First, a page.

When the latter described silk-screen method is used, the squeegee's pressure against the screen is not uniform. In addition, under the usual squeegee pressure, it is difficult to pack conductive material into each through-hole on the printed circuit board, and impossible to do so if the printed circuit board is thick or the diameter of the through-hole is small. In the present technical standard for packing conductive material, 0.7 mm is the minimum diameter of a through-hole when the board thickness is 1.6 mm.
In the two above-described conventional methods the poor fluidity of the conductive material has a large effect on the uniformity of packed material and tends to complicated operations. The usual countermeasure is to add solvent to the conductive material to make its fluidity more uniform. This remedial measure, however, causes gas bubbles to accumulate and cracks to develop in the through-holes as a result of heat generation and consequent solvent evaporation during the hardening of conductive material after being packed. This results in the possible failure of conductivity and difficulty in removing the solvent.
Thus, a higher-alcohol-based solvent with a high boiling point, and thereby a resistance to vaporization, is often used to retain desirable fluidity for a long duration. But this causes another difficulty. Namely, that the complete removal of such a solvent without generation of bubbles requires the vaporization of the solvent over a long period of time and at a sufficiently low temperature to prevent unremoved solvent from decreasing the reliability of the printed circuit board.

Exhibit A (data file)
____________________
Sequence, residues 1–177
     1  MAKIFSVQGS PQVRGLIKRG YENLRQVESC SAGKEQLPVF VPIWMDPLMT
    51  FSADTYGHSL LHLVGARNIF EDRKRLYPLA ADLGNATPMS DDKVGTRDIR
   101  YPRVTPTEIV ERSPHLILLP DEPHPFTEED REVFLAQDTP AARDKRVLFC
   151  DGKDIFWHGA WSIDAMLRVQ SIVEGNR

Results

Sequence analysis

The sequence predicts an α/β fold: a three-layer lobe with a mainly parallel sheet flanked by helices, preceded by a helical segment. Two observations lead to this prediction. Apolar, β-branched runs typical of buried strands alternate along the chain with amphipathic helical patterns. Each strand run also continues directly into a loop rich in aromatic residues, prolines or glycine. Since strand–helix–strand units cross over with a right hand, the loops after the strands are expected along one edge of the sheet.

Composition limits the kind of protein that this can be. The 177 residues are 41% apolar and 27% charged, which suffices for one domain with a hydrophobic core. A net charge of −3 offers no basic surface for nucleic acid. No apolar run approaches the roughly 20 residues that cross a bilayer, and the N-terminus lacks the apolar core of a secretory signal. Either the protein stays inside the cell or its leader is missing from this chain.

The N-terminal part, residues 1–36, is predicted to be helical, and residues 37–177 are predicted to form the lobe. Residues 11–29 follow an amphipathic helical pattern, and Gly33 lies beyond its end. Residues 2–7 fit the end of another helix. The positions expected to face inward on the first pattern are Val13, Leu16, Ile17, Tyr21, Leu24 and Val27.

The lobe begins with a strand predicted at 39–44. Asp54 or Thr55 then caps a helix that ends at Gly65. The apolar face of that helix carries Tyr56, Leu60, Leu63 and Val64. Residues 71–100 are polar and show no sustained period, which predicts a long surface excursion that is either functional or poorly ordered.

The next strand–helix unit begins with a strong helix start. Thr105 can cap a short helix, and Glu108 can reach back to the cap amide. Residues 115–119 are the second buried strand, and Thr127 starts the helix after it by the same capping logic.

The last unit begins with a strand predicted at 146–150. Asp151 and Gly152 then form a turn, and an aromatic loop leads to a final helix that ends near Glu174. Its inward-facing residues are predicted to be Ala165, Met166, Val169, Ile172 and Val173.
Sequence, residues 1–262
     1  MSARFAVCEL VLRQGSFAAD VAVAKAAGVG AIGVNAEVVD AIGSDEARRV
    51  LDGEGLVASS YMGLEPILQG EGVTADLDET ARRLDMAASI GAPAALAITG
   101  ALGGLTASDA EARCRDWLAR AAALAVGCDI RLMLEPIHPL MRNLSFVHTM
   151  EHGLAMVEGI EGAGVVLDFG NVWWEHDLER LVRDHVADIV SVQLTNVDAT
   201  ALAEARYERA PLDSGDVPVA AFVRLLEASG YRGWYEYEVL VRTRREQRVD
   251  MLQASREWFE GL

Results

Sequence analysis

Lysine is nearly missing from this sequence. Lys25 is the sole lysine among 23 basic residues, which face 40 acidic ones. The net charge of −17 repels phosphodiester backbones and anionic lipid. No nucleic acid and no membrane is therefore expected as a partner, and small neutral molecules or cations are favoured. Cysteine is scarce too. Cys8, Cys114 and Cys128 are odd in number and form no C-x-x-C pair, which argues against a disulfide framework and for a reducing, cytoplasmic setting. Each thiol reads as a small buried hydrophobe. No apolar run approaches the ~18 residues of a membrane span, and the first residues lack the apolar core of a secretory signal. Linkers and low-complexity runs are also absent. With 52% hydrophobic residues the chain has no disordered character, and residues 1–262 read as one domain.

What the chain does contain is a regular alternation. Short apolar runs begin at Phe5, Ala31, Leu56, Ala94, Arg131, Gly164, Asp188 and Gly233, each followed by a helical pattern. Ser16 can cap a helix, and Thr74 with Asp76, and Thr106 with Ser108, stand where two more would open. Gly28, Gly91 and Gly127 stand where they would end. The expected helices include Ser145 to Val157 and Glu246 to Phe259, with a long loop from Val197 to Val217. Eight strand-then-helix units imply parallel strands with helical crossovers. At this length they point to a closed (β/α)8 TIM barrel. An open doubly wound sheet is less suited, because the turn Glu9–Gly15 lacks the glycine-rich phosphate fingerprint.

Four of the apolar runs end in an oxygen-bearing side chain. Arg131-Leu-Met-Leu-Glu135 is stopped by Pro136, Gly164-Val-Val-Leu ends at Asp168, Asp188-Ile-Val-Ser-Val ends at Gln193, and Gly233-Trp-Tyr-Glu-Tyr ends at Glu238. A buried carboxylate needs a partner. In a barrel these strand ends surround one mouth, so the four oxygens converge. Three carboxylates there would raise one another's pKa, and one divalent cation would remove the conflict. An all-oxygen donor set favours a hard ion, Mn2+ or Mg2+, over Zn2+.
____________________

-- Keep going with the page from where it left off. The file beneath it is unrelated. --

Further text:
Another problem is that if filler packed in a through-hole protrudes and is hardened on the upper or lower surface of the substrate, the protrusion will have a harmful effect on subsequent treatment processes. For instance, press work using a die in the machining process during the manufacture of the printed circuit board will create a compressive force on the protrusion, and cracks or fractures will form in the conductive material filled in the through-hole and lessen the precision and reliability of the through-hole itself.
An object of the present invention is to eliminate the above disadvantage of the conventional packing methods and to solve the above problems.
Another object of the present invention is to provide a method of packing conductive material, uniformly and without any protrusion of filler packed in through-holes in a printed circuit board, into the through-holes without being affected by the thickness of the printed circuit board, the number of through-holes, their diameter, or the like.